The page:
2 pumpkins over 1,000 pounds in Old Town event

       Hundreds of people swarmed through the Old Town Plaza parking lot for a pumpkin experience Oct. 6. ABOVE: Rich Weatherbee, who lives on the Westside,
demonstrated carving techniques for onlookers during the
Giant Pumpkin Weigh-off. Inset photo shows one of his
creations during the afternoon. RIGHT: Joe and Michelle
Scherber are barely visible behind Joe’s first-place, 
1,008-pound pumpkin.
Colton Anderson photo
       There was a pumpkin carver, a pumpkin bake sale, “pumpkin patch” kids' games and - clearly the main draw - giant pumpkins that growers had trucked in from around the state.
       In all, there were 29 entries for cash prizes in three categories - pumpkins, squash and gourds - at the Old Colorado City weigh station in the national Giant Pumpkin competition.
       Sagging the scales the farthest was the 1,008-pound pumpkin by Joe Scherber of Wheatridge, with a 1,005.5-pounder by Marc Sawtelle of Colorado Springs (last year's winner) coming in a close second.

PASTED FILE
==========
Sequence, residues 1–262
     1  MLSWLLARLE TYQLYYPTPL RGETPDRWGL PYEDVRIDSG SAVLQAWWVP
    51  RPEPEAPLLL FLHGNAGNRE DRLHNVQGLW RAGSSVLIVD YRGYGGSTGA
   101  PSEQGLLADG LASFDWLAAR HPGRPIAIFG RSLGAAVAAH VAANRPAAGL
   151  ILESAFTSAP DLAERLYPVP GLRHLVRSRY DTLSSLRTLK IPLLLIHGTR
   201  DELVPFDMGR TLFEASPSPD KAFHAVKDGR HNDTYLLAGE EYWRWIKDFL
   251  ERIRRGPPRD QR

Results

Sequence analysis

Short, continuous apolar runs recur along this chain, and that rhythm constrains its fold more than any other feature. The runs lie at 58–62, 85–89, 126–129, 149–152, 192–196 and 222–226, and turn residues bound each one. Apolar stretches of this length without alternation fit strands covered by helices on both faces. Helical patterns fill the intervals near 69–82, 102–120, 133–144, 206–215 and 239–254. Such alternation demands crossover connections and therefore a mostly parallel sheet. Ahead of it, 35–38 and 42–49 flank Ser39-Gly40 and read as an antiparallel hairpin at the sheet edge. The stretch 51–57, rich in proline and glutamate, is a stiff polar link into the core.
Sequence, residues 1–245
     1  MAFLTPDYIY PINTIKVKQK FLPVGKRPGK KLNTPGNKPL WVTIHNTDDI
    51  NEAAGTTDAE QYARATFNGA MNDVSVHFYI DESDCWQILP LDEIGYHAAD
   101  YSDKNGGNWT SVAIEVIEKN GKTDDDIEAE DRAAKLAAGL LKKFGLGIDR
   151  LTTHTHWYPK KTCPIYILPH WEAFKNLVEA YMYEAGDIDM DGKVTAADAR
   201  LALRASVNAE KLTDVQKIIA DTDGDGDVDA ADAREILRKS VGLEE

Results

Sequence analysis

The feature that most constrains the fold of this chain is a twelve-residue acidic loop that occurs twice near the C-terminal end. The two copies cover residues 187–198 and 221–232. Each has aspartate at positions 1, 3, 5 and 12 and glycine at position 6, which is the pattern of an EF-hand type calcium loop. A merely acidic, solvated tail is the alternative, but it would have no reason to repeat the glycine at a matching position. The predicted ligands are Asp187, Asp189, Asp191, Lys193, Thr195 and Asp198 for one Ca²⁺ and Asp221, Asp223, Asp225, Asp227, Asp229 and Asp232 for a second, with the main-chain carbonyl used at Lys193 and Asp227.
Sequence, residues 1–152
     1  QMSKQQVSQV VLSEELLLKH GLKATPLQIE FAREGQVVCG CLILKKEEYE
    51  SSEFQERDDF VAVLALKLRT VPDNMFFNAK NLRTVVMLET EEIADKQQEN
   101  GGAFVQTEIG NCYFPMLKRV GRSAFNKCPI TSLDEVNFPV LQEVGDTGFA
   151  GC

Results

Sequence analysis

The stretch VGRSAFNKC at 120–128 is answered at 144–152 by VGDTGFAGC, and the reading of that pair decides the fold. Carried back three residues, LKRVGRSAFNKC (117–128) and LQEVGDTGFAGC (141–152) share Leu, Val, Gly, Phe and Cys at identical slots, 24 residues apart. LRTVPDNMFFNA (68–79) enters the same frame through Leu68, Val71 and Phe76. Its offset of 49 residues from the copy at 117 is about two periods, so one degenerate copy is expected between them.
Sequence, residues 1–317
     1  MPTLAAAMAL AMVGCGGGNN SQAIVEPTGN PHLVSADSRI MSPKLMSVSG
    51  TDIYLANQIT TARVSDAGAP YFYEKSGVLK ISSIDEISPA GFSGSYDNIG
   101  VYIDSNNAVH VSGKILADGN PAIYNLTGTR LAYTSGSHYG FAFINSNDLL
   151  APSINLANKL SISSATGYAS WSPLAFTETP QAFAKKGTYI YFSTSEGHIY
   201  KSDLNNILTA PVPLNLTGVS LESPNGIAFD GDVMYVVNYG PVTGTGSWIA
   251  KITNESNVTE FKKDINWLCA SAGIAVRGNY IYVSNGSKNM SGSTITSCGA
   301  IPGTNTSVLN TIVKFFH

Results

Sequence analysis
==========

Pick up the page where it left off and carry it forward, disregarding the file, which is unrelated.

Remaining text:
The winner got $300 and an overnight stay in Cripple Creek; second got $200; and third (Doug Minix, with an 829-pounder that would have won last year), getting $150.
       Scherber just missed his own state record of 1,075 pounds (which he'd set a week earlier at a contest in Denver), according to event organizer Nancy Stovall of the Old Colorado City Associates (OCCA) merchants group.
       Other first prizes were for squash (Sawtelle, 956.5 pounds - breaking the state record in a fairly new category) and longest gourd (Michelle Scherber, 104.5 inches). Each garnered the winner $100 and a Cripple Creek overnight.
       Stovall called the crowd “probably the biggest we've had” since the annual event started three years ago. “There were times when the parking lot was absolutely packed,” she said. “The bake sale sold out of everything, and we gave out all our free prizes at the kids' tent. I thought all in all it was fantastic.”
       She credited volunteers Theresa Barbera, Donna Heikes and Lynda Dunne for their help.
       Stovall was also pleased with the number of growers/entries, which was nearly three times that of previous years. “We worked hard with the growers,” she said. “They were talking to each other, and they could see it would go a whole lot smoother than in the past.”
       The pumpkins are not accidents; they are grown from prize seeds, often sold on Internet sites.

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